Painted Bunting - Genetic Markers
To help us understand the unusual breeding distribution of Painted Buntings and the evidence of multiple migration strategies, we are working to establish genetic markers that can distinguish different breeding populations and provide insight into their evolutionary history.
In molecular ecology, population structure analyses conducted via genetic markers and modern laboratory techniques are increasing our understanding of current ecology, distribution, and genetic structures of many species of plants and animals. We believe that the questions that we are currently attempting to answer using a combination of different tools and methods, including high resolution molecular markers, will be beneficial for understanding the ecology and seasonal movements of the Painted Bunting as well as the management of other species of Neotropical migratory birds.
During our Painted Bunting population structure investigation we tried to address the following questions: A) identify connectivity among populations from breeding, molting, and wintering grounds. B) Detect gene flow between apparently isolated breeding populations. C) Understand and infer the demographic fluctuations of the populations in the past. D) Ascertain kinship relations among individuals.
Through a collaboration with Scientists at UCLA’s Center for Tropical Research we have carried out mass sequencing by 454 Life Sciences system across a substantial portion of the Painted Bunting genome. The DNA sequencing performed by 454 Life Sciences technique allowed us to search and target for high variable DNA regions throughout the Painted Bunting genome and yielded high informative primers. In 2011 we conducted a preliminary but intensive molecular laboratory work to obtain a novel polymorphic microsatellites loci library for the Painted Bunting, and we optimized the PCR protocol for the DNA microsatellite genotyping approach following the M13 hybrid primer technique. We adopted the M13 hybrid primer process to reduce the costs and maximize laboratory work efficiency. We have since collected hundreds of genetic samples from Painted Buntings as part of our field work in Oklahoma and Mexico as well as specimen loans from other various institutions to fully resolve the connectivity map across the breeding and wintering range of the Painted Bunting. Furthermore, we hope to match and compare these connectivity results with those data provided by the geolocation dataloggers (i.e. geologgers) and stable isotope analyses.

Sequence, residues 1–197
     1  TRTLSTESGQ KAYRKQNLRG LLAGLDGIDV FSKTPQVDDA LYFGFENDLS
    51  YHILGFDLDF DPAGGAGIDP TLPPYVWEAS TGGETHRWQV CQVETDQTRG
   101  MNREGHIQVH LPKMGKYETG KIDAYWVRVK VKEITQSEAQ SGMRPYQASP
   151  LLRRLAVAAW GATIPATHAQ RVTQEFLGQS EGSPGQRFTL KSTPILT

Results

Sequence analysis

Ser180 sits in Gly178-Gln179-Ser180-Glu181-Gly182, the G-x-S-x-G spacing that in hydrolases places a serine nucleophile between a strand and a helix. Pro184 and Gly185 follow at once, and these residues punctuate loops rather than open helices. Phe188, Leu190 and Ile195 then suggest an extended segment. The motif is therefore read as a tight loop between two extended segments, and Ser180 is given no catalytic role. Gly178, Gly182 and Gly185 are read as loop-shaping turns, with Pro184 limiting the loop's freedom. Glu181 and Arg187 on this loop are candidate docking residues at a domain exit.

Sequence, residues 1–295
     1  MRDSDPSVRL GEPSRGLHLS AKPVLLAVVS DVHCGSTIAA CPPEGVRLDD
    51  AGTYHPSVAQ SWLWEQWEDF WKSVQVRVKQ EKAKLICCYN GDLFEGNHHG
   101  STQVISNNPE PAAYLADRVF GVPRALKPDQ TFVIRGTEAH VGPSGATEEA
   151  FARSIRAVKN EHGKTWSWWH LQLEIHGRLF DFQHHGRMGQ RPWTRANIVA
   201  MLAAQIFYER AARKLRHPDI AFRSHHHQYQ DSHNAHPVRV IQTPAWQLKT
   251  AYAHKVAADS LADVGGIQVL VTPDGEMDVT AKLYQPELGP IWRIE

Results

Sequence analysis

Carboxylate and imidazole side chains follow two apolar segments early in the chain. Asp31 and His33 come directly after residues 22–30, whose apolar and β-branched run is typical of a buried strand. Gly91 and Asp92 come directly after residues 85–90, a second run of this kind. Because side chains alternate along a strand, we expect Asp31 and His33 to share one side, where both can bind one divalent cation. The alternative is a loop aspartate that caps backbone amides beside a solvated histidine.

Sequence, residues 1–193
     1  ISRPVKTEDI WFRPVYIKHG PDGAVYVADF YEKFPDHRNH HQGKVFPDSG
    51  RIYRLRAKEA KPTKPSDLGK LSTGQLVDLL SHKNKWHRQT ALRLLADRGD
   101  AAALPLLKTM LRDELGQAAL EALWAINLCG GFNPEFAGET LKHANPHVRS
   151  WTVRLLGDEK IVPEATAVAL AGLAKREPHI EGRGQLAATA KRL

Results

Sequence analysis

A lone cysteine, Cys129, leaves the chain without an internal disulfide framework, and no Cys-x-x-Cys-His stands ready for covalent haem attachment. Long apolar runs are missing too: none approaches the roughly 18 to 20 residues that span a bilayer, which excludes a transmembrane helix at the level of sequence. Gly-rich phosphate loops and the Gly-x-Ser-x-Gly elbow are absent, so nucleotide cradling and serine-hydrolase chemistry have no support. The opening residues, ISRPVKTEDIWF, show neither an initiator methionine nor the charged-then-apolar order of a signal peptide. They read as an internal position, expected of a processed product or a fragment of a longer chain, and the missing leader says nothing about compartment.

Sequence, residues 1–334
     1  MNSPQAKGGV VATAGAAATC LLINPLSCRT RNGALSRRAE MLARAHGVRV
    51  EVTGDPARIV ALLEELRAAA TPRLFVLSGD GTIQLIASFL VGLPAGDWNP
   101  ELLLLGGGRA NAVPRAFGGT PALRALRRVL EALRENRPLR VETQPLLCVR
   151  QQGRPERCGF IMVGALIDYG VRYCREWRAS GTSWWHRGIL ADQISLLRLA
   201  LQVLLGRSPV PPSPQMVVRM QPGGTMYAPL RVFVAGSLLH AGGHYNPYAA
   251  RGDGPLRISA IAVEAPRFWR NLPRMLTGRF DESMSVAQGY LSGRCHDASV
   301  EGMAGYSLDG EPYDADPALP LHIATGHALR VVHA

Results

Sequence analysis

The genetic work allowed us to conduct a connectivity pilot study using the Painted Bunting DNA samples that we collected at Wichita Wildlife Refuge - OK in 2010, and the DNA samples previously collected in Sinaloa, Mexico in 2009. The first allelic richness screening yielded 10 novel informative loci for the Painted Bunting and we used these new loci to address some important connectivity questions. First, we wanted to test via genetic data whether or not the individuals from the breeding populations in Oklahoma migrate to Sinaloa, Mexico for molting. Initial screening at these 10 loci indicates that the Painted Buntings sampled in Sinaloa are not genetically different from those birds sampled in Oklahoma. These findings strongly suggested that Sinaloa is indeed an important stop over site for the Western population of P. ciris.